Browning is quick to note that we should not take the post-war testimony of Battalion 101 at face value. For one thing, the events in question were over twenty years in the past when the men were interrogated, and beyond a certain point memory becomes less reliable. Browning got around this by using the testimony of all of the men in question when describing a certain event, so that as many viewpoints as possible were included. Memory was not the only issue, however: the men knew they could be brought up on charges for what they had done, which led to certain events or states-of-mind being played down or lied about. For example, “According to German law, among the criteria for defining homicide as murder is the presence of a ‘base motive,’ such as racial hatred.” (Browning, 150). Due to such legal considerations, the testimony contained few statements on antisemitism unless the subject was an unpopular officer or the Polish collaborators (Browning, 151). The fact that Browning went into his study knowing these problems might occur, and the pains he took to use such issues to his advantage, means that his overall thesis holds up even when the testimony itself is imperfect.
Browning was not just interested in Order Police Battalion 101 because of the large amount of testimony they left behind. The Battalion represented an interesting test case that could be used to prove or disprove the many theories about what motivated German mass-executioners. For example, although membership in the Nazi party was somewhat overrepresented, the men primarily came from the same place, Hamburg, “by reputation one of the least nazified cities in Germany.” (Browning, 48). This common origin, as well as the fact that most of the men were middle-aged, was important to Browning because it meant that despite the relatively high level of party membership, nobody could say the Battalion’s members were primarily formed and shaped by Nazi ideology and anti-Semitic propaganda (Browning, 48). In a sense, they ‘knew better’, or at least ‘different.’ This would seem to disprove the theory that Hitler’s executioners were motivated solely because they had been saturated with, and believed strongly in antisemitic propaganda, although it does not discount the fact that such ideology was part of their motivation.
Battalion 101 was also an interesting test case because its members were given a choice as to whether they would take part in the mass killings or not, evidence that speaks strongly for Browning’s thesis. Before the men took part in their first massacre, at Jozefow, Major Trapp gave a speech in which he not only showed signs of being visibly disturbed by his orders, but also said that the older members of the Battalion could be reassigned if they so wished (only the older men received this offer initially, but later even younger members could step aside without punishment) (Browning, 55). Around a dozen men took this offer, but as time went on between 10-20% of the Battalion found some way to separate themselves from the killing (Browning, 73-4). The fact that these men were allowed to step aside from their duty, and were not punished in any material way (although feelings of guilt may have provided spiritual punishment to some), says a great deal about those who continued to shoot. At the very least, the relative freedom given to those who did not want to shoot says the rest were not under physical compulsion to continue.
The task of killing thousands of people at point-blank range was certainly not an easy one, and it had a great effect on the shooters, even the ones who became desensitized through repetition. Many spoke of feeling physically sickened by what they did at Jozefow, even decades later in their interrogations (Browning, 74). Others, in describing what went on, are extremely graphic about the horrors they witnessed, even in the Battalion’s last massacre, the “Harvest Festival” in which over 40,000 Jews were shot to death in a matter of a few days. According to Martin Detmold, “The whole business was the most gruesome I had ever seen in my life, because I was frequently able to see that after a burst had been fired the Jews were only wounded and those still living were more or less buried alive…. I remember that from out of the piles of corpses the SS [ sic] men were cursed by the wounded” (Browning, 140-1). The men who caused such images, which are disturbing even when viewed as printed words on a page, could not have ignored them, yet the majority continued to take part.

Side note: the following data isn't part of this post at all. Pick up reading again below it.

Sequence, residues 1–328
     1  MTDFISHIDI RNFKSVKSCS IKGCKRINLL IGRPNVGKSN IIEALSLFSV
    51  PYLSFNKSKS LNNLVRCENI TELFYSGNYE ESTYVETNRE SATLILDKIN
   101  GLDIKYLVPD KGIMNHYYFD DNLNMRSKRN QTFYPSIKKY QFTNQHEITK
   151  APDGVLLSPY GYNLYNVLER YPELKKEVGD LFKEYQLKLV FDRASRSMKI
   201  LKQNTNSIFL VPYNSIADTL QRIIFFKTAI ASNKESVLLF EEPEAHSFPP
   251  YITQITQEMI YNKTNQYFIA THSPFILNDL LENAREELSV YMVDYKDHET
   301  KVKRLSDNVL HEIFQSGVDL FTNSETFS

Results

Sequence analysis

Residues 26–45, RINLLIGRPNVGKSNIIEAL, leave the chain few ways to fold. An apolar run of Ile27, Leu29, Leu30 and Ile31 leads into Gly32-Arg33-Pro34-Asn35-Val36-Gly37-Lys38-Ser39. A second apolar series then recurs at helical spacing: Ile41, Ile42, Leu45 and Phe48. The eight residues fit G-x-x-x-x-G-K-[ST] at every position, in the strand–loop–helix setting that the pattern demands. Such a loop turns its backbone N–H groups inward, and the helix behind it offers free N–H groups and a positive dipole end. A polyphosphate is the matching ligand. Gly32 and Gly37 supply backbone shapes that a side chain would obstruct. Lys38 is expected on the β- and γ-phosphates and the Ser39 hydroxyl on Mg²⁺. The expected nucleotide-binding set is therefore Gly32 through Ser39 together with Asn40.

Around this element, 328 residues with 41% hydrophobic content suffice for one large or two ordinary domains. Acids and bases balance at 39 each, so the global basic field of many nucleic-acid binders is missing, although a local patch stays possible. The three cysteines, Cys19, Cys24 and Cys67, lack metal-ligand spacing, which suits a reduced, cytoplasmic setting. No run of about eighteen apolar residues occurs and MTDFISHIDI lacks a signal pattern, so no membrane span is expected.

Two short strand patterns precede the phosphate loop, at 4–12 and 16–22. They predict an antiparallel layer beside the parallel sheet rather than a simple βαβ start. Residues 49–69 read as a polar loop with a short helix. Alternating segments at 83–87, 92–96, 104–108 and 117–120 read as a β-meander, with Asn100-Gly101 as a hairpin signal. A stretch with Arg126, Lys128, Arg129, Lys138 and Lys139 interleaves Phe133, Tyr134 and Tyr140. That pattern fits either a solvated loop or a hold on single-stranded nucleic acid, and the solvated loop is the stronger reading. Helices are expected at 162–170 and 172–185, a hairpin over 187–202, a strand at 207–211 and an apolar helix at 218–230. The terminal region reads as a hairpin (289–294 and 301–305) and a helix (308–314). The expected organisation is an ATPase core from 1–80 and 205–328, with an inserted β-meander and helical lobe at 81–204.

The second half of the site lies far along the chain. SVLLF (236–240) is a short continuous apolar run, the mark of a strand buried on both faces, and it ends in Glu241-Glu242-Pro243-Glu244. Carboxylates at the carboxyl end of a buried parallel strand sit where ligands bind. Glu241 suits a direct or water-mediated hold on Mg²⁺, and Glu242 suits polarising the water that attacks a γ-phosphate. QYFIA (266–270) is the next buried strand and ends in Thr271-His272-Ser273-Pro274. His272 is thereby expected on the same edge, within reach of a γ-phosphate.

Browning denies that there was something intrinsically brutal about the men of Battalion 101, precisely due to the characteristics stated earlier. “In this sense, brutalization was not the cause but the effect of these men’s behavior” (Browning, 161). The men were not all inhuman, as the sickened reaction seen in even some of the hardened shooters will attest (although others, like Lieutenant Gnade, showed that they took a sadistic pleasure in what they did), and they were not selected beforehand because they had brutal characteristics. “By age, geographical origin, and social background, the men of Reserve Police Battalion 101 were least likely to be considered apt material out of which to mold future mass killers” (Browning, 164). These characteristics of the Battalion, which made it so intriguing as a subject for Browning’s study, demanded a more complicated answer.
Browning believes there were a few different factors at work, each operating to turn the men of Battalion 101 into mass-murderers, and they had more to do with the “extraordinary circumstances in which the men were placed, rather than a conceded pre-existing antisemitic orientation….” (Moses, 205). For one thing, in the years 1942-3, when Battalion 101 committed most of its actions, Germany was a nation surrounded by enemies, a situation that undoubtedly forced its men to widen the circle of those it considered “the enemy”. The chaotic and “polarizing” effect of a war as encompassing and dehumanizing as World War II made it all too easy for Jews to be lumped into this category (Browning, 186). The propaganda pushed on every German citizen by the German state from 1933 until the end of the war was able to influence Battalion 101 in this situation. Although they had not been strongly antisemitic before, the general racism of Germany at the time gradually convinced the men to simply not care what happened to the Jews, as they were pushed further and further from the circle of humanity (Browning, 184). Alone, indoctrination was not enough to drive the men to commit mass murder. But when operating in tandem with an extremely dehumanizing war, the act of killing became easier.